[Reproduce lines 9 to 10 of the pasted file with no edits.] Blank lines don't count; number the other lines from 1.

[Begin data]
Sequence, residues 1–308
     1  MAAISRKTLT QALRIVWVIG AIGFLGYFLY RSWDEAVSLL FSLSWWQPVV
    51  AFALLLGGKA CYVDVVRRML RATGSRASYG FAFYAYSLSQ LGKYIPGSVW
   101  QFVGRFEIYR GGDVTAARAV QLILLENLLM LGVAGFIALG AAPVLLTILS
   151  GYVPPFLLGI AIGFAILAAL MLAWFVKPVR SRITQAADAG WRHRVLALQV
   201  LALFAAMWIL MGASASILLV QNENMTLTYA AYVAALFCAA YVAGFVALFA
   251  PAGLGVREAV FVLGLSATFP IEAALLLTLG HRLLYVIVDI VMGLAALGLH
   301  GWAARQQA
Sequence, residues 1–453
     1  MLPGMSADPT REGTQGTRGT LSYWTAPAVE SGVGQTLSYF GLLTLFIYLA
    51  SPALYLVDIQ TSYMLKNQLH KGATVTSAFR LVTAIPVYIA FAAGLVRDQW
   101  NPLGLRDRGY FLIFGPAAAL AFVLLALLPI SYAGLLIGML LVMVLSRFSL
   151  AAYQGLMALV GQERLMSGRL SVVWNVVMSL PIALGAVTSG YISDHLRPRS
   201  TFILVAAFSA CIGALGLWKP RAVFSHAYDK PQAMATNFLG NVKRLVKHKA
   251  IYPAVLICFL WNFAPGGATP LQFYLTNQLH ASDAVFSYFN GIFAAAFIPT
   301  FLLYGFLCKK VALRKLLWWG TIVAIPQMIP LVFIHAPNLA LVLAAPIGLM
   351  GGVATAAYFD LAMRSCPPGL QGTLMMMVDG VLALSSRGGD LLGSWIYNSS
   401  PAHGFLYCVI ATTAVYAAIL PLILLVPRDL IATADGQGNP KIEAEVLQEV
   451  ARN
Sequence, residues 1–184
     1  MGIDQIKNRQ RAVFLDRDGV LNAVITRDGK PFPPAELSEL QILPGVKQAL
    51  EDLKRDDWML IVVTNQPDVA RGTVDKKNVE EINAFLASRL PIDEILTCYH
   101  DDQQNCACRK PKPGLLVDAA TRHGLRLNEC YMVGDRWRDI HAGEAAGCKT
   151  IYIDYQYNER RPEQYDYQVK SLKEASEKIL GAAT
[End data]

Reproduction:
Sequence, residues 1–453
     1  MLPGMSADPT REGTQGTRGT LSYWTAPAVE SGVGQTLSYF GLLTLFIYLA